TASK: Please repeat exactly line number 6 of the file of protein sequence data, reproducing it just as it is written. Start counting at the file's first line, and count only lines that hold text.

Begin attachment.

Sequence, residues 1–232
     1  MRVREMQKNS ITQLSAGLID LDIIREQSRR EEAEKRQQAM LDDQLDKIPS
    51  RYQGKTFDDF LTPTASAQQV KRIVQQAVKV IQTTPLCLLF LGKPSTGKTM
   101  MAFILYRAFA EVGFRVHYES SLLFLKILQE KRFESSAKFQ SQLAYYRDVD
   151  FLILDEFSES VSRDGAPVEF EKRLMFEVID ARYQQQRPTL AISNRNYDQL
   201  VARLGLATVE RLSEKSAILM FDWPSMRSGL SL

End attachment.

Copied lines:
   201  VARLGLATVE RLSEKSAILM FDWPSMRSGL SL